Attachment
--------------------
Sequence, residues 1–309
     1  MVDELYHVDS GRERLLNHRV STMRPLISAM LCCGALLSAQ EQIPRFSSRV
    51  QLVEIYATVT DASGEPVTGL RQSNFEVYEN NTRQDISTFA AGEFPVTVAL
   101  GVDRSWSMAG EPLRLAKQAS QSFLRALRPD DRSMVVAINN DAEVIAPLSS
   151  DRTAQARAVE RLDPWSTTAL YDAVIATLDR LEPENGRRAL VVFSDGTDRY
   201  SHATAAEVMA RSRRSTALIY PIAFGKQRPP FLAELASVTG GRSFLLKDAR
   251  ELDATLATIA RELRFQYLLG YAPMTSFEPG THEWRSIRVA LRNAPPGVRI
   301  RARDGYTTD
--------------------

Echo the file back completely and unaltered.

Sequence, residues 1–309
     1  MVDELYHVDS GRERLLNHRV STMRPLISAM LCCGALLSAQ EQIPRFSSRV
    51  QLVEIYATVT DASGEPVTGL RQSNFEVYEN NTRQDISTFA AGEFPVTVAL
   101  GVDRSWSMAG EPLRLAKQAS QSFLRALRPD DRSMVVAINN DAEVIAPLSS
   151  DRTAQARAVE RLDPWSTTAL YDAVIATLDR LEPENGRRAL VVFSDGTDRY
   201  SHATAAEVMA RSRRSTALIY PIAFGKQRPP FLAELASVTG GRSFLLKDAR
   251  ELDATLATIA RELRFQYLLG YAPMTSFEPG THEWRSIRVA LRNAPPGVRI
   301  RARDGYTTD